If you crash with an uninsured motorist, what happens? Who pays for medical and property damage? Insurance companies will still seek you for compensation if you don’t have insurance. If you drive without insurance, you need to know the repercussions. Insurance companies can pursue uninsured drivers for damages in many ways. In this post, we’ll examine how insurance companies target uninsured drivers and How do insurance companies go after uninsured drivers?.
How do insurance companies go after uninsured drivers?
Unfortunately driving without insurance is a reality in many states. As per the Insurance Information Institute, about 13% of drivers in the United States didn’t have insurance in 2019? This situation not only puts law-abiding drivers at risk but also creates a challenge for insurance companies who have to shoulder the financial burden caused by uninsured drivers.
Now, insurance companies do have a way to address this. They use a legal process called “subrogation.” Sounds technical, right? Let me explain it in simpler terms. Imagine you’re in a car accident and the other driver who is at fault doesn’t have insurance. Your insurance company will step in to cover your medical bills and car repairs. But they don’t just absorb these costs. They attempt to recover the money from the uninsured driver through subrogation. This process helps the insurance company to reduce its losses and ensuring that the premiums for insured drivers don’t skyrocket.
However, it’s not always smooth sailing. Going after uninsured drivers can be tough and sometimes costly, so insurance companies weigh their options carefully before pursuing this route. It’s all about finding a balance and ensuring that responsible drivers are not unfairly burdened.
When do insurance companies go after uninsured drivers?
When it comes to uninsured drivers, insurance companies often have to make some tough calls.
So, when do insurance companies decide to take action? Mainly in two scenarios:
- Collision Coverage: If you’re in an accident and it’s not your fault, this coverage helps pay for the repairs to your car. Now, if the other driver is uninsured then your insurance company will cover the costs initially. But they might go after the uninsured driver to get back the money spent on fixing your car.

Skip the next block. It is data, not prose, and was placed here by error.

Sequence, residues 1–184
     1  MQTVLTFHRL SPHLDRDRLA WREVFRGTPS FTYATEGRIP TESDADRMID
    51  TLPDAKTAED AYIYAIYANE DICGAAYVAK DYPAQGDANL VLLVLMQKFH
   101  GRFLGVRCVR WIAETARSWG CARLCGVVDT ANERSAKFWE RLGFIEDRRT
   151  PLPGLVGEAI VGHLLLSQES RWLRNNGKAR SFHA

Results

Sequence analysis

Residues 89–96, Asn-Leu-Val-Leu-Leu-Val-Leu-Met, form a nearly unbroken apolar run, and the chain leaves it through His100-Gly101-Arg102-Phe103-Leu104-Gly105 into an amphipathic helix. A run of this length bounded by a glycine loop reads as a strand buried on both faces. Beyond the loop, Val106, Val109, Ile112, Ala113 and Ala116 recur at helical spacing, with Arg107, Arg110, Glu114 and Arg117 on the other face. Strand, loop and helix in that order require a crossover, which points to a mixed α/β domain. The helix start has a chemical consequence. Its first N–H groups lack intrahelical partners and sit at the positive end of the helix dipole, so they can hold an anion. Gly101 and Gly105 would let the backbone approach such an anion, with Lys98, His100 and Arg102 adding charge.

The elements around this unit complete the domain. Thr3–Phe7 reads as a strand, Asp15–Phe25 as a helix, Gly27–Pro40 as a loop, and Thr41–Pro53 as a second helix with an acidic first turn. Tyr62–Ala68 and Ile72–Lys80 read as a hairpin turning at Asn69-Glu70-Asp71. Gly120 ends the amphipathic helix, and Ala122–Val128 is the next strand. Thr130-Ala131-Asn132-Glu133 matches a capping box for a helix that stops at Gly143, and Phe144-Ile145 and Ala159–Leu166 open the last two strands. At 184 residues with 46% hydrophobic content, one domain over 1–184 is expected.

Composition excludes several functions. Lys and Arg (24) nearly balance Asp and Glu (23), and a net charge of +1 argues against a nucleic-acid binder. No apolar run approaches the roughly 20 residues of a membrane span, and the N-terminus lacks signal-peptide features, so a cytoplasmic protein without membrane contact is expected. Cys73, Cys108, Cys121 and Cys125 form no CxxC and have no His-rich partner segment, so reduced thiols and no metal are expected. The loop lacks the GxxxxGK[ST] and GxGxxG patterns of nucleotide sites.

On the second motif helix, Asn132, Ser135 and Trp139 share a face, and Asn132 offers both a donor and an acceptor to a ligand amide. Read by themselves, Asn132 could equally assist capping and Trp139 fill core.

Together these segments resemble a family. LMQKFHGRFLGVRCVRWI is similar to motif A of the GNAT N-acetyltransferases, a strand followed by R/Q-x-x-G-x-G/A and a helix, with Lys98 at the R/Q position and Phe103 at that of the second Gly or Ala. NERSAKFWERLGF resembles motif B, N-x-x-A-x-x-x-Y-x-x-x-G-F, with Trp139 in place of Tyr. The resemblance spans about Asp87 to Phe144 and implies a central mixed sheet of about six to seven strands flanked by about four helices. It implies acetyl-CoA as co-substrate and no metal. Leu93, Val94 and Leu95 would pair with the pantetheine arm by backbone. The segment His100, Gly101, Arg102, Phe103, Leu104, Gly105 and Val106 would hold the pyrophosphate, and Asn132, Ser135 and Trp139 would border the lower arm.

- Uninsured/Underinsured Motorist (UM/UIM) Coverage: It steps in when you’re hurt or your property is damaged by a driver who doesn’t have enough (or any) insurance. Your insurance company covers your medical bills, lost wages, and more, and then they might try to reclaim these costs from the uninsured driver.
Even if you have these coverages, your insurance company might not always take legal action against the uninsured driver. Why? Well, sometimes the other driver might not have enough money or assets to cover your damages. In such cases, your insurance company might settle for a lesser amount or even decide it’s not worth the effort to pursue the payment.
It’s all about weighing the pros and cons. Insurance companies want to make sure that responsible drivers like you aren’t left holding the bag, but they also have to be practical about what they can realistically recover.
What can you do if you are in an accident with an uninsured driver?
If you ever find yourself in the unfortunate situation of being in an accident with an uninsured driver, don’t worry!